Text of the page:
Sometimes, even worse than asking the "wrong" question is asking none at all. Coming up empty at question time suggests a lack of interest in the college or a lack of curiosity in general. But, in my interviewing days, I was always okay with a "No questions" response as long as it came with other context (e.g., "I've already read everything I could get my hands on about your school" or "I just grilled the tour guide for 25 minutes!").

As you hit the interview circuit, whatever your questions are, it's fine to write them down in a notebook and take that notebook into the session with you. This will not only keep you from blanking out if you're nervous, but also it will show your interviewer that you are well prepared. Even so, don't shy away from spontaneous questions either. Sometimes the things you truly want to find out are those that come to mind as you look around you on campus or react to something the interviewer has just said.

Even though you may feel like you're on the "hot seat" at your interviews, do remember that they also present a great opportunity for you to learn about the schools you're seeing, so do take advantage of this chance to find out what you really want to know ... besides, "What are my chances?" ;)

Written by

Sally Rubenstone

Sally Rubenstone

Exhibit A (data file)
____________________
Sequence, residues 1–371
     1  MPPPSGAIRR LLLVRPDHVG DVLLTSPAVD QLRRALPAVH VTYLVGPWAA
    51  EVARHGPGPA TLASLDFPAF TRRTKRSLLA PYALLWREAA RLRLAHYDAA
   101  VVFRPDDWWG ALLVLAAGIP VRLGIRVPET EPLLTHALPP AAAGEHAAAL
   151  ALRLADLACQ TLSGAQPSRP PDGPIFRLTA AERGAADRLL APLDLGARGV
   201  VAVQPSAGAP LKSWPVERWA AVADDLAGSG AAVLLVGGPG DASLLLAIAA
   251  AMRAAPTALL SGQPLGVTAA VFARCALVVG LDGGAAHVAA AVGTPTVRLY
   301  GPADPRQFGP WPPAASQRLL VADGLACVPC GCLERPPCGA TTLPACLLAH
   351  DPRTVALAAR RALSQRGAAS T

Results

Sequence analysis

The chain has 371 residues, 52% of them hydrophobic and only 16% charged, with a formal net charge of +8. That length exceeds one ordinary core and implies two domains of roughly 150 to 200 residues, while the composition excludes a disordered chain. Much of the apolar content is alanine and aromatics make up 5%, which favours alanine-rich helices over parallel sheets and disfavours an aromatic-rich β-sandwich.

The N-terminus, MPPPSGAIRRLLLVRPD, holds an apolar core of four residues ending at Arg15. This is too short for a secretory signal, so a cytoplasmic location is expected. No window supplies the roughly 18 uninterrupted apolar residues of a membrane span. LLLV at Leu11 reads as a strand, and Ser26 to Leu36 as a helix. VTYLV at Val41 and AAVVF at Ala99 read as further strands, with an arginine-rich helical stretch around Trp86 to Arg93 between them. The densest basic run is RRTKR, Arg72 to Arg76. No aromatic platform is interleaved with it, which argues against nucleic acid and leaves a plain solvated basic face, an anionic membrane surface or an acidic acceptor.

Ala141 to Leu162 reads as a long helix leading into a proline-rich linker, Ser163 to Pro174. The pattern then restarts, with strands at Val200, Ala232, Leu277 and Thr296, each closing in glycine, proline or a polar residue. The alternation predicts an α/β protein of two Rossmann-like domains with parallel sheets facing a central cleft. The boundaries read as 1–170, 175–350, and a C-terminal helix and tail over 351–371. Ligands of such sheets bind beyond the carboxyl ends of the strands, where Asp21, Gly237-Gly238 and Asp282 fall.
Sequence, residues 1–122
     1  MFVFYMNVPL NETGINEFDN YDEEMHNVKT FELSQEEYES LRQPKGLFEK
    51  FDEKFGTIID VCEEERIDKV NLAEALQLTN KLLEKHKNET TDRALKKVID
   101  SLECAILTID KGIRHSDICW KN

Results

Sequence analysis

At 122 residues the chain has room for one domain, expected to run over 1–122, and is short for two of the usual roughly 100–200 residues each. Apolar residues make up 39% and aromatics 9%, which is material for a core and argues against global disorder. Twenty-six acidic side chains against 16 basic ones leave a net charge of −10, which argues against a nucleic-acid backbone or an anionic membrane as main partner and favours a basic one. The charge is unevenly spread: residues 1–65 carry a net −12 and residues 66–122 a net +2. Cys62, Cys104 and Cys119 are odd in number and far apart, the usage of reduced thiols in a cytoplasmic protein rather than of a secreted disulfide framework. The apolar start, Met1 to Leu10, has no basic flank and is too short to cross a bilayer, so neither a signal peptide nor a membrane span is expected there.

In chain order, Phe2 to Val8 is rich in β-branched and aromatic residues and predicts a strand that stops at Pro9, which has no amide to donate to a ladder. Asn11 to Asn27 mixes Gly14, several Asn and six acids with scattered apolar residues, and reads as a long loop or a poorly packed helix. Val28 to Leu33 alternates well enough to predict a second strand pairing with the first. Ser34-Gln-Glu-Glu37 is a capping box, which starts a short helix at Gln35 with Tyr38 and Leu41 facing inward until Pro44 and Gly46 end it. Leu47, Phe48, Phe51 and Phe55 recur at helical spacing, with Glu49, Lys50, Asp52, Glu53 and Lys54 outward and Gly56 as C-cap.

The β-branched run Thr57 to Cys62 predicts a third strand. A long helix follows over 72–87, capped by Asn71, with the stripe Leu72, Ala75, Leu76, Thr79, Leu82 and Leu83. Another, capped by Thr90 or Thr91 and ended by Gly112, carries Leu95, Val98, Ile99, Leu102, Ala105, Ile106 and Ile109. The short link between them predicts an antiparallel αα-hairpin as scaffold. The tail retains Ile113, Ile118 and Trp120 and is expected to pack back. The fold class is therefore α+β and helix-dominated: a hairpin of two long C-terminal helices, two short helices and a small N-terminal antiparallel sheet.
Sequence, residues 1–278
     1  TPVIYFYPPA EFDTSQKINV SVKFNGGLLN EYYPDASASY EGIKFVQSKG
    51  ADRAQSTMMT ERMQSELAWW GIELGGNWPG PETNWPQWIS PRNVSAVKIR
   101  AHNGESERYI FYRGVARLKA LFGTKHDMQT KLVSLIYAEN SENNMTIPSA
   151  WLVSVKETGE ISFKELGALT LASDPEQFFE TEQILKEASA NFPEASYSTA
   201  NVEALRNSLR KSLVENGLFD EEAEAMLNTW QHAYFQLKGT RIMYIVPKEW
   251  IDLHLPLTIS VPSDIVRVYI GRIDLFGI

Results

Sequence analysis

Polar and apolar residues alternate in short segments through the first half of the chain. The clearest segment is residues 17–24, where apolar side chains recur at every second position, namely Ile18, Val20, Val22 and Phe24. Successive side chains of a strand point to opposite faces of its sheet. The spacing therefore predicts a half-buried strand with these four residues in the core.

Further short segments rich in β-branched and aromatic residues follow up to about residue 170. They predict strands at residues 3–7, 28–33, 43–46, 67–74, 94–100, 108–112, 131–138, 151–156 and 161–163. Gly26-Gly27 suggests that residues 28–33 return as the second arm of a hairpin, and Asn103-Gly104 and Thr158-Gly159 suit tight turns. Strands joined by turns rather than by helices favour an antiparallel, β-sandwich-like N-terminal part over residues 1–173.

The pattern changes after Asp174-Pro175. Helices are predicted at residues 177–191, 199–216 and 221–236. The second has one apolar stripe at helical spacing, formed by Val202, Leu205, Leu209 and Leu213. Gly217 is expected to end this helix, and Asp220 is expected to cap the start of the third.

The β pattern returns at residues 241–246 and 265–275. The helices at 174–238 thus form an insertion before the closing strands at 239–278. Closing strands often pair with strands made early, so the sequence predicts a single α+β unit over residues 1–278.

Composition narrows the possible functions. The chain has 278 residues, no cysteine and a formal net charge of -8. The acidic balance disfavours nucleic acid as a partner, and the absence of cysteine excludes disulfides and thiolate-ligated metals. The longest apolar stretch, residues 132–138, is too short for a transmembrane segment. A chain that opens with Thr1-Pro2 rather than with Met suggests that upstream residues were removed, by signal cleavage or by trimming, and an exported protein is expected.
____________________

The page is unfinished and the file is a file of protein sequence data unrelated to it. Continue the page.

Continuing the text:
Sally Rubenstone knows the competitive and often convoluted college admission process inside out: From the first time the topic of college comes up at the dinner table until the last duffel bag is unloaded on a dorm room floor. She is the co-author of Panicked Parents' Guide to College Admissions; The Transfer Student's Guide to Changing Colleges and The International Student's Guide to Going to College in America. Sally has appeared on NBC's Today program and has been quoted in countless publications, including The New York Times, The Washington Post, USA Weekend, USA Today, U.S. News & World Report, Newsweek, People and Seventeen. Sally has viewed the admissions world from many angles: As a Smith College admission counselor for 15 years, an independent college counselor serving students from a wide range of backgrounds and the author of College Confidential's "Ask the Dean" column. She also taught language arts, social studies, study skills and test preparation in 10 schools, including American international schools in London, Paris, Geneva, Athens and Tel Aviv. As senior advisor to College Confidential since 2002, Sally has helped hundreds of students and parents navigate the college admissions maze. In 2008, she co-founded College Karma, a private college consulting firm, with her College Confidential colleague Dave Berry, and she continues to serve as a College Confidential advisor. Sally and her husband, Chris Petrides, became first-time parents in 1997 at the ripe-old age of 45. So Sally was nearly an official senior citizen when her son Jack began the college selection process, and when she was finally able to practice what she had preached for more than three decades.